Call it what you want—payola, baksheesh or bribe—it's how business is done in much of the world. To win government contracts for highways, helicopters or other big-ticket items, certain favours are offered. The buyoff could be a lavish party or political donation for the prime minister of a republic you couldn't find on the map, or maybe a small fortune wired to a numbered bank account.
There is ample evidence that the size and frequency of bribes is on the rise, despite anti-corruption laws in many wealthy countries. A 2010 Ernst & Young report noted that a bribe worth 5% of a contract's value was the going rate in the 1980s. Now, 20% is common. Until recently, bribes paid in some parts of the developing world were tolerated, and even encouraged—they could be used as tax deductions in the home countries of many international corporate giants.
If you buy the theory that everyone is doing it, you might even feel sorry for the companies that get caught making apparently efficient use of shareholders' funds to win contracts. Why go through a clean and open competition to win over the honourable dictator when, say, $20 million deposited in the Cayman Islands branch of Laundromat Bank would eliminate the political risk.
SNC-Lavalin, the Quebec engineering and construction giant, is one company you might feel sorry for. Earlier this year, SNC sent its CEO, Pierre Duhaime, and its Tunisian-born global construction chief, Riadh Ben Aïssa, into early retirement. SNC alleged that Ben Aïssa—who was arrested in Switzerland in April over accusations of corruption, fraud and money laundering—made $56 million in payments to help win contracts in North Africa. Some of those payments, which were made to unnamed commercial agents, were apparently authorized by Duhaime.
SNC's board of directors launched an investigation that could go nowhere, or find evidence of corruption in the company's overseas construction division. A raid of SNC's offices in Montreal in April by the RCMP suggests that charges under the Corruption of Foreign Public Officials Act are possible.
Several other high-profile corruption cases have made international headlines recently. On April 23, Wal-Mart shares fell by almost 5% after The New York Times reported that the big-box retailer had paid some $24 million (U.S.) in bribes to get building permits in Mexico. In Italy, Giuseppe Orsi, CEO of aerospace and defence giant Finmeccanica, is under investigation for allegedly paying €51 million to a Swiss businessman to help the company flog military helicopters to India.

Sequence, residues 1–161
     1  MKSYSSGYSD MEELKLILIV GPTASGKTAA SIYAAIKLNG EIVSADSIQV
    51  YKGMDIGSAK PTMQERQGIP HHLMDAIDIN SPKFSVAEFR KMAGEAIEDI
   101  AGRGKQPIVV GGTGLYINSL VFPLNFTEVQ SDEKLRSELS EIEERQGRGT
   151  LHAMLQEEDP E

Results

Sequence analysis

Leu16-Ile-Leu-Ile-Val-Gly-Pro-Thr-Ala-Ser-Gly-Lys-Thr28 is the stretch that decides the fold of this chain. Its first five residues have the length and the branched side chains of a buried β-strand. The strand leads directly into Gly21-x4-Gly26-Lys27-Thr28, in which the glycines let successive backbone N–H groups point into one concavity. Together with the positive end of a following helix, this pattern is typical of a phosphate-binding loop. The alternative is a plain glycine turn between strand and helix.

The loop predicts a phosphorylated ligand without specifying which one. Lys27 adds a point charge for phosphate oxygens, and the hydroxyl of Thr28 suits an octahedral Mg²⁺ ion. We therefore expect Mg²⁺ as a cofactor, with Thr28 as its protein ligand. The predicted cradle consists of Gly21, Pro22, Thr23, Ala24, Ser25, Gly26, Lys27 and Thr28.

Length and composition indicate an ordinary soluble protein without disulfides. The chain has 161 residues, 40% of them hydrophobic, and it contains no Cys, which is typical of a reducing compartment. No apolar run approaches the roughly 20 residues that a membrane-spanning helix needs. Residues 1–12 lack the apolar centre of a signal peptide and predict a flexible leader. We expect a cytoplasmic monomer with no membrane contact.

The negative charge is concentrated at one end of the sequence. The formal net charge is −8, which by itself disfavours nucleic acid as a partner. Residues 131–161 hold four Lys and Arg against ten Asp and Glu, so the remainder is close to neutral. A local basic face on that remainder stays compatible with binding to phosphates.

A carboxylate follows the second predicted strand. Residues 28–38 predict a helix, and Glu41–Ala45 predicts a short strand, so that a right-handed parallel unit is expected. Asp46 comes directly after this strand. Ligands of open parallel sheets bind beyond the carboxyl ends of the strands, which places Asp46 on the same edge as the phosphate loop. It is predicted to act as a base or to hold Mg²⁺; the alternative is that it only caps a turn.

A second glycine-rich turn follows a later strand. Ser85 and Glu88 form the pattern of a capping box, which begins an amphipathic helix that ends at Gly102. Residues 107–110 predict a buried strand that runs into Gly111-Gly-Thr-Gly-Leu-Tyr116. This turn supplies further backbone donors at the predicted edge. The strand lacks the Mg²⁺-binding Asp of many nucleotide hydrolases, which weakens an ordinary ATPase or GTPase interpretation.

Has any country been effective at cracking down on bribery? Yes: the United States. Under the tough Foreign Corrupt Practices Act, passed in 1977, heavyweights that have included Germany's Siemens, Britain's BAE Systems and France's Alcatel-Lucent have paid a total of more than $3 billion (U.S.) to settle alleged bribery cases in recent years. Siemens, Europe's largest electrical engineering company, was accused of doling out $1.4 billion (U.S.) in sweeteners between 2001 and 2007.
Yet, in all likelihood, the companies snared by authorities are only a tiny fraction of the global bribery bonanza. You could argue that the legislation on the books in OECD countries is, at best, next to useless and, at worst, counterproductive, because it gives an unfair advantage to the countries that have no such laws, or that rarely enforce them.
So should the OECD give up and declare a bribery free-for-all? Not if it wants to help developing countries. Bribes do a lot of economic damage to emerging economies—they act as a tax on investment and a barrier to entry. In 2010, three U.K.-based economists (Nauro Campos, Saul Estrin and Eugenio Proto) published a study of 98 companies that operate in Brazil. They concluded that corruption ranked as the biggest barrier to entry into new markets, ahead of factors such as tax rates and unskilled labour.
OECD nations should enforce and upgrade anti-bribery laws. Countries that lack them should get in the game (Britain did not pass an anti-bribery act worthy of the name until 2010). The United States is the model; most of the other 33 OECD nations have conducted no bribery prosecutions.
For a country that markets itself globally as a beacon of morality, Canada's record is pathetic. Since the Canadian anti-bribery law came into effect in 1999—more than 20 years after the U.S. version—a grand total of two convictions have been registered. The first was ridiculous, resulting in a token fine for a small Alberta pipeline maintenance company that allegedly bribed a U.S. border official. The second, against Niko Resources last year, resulted in a $9.5-million fine, but no charges against any Niko employees.
If companies like SNC are to thrive overseas, the anti-bribery laws should be enforced. Bribery will never disappear, but if the playing field is levelled, legitimate competition for projects will return and the best bids will win.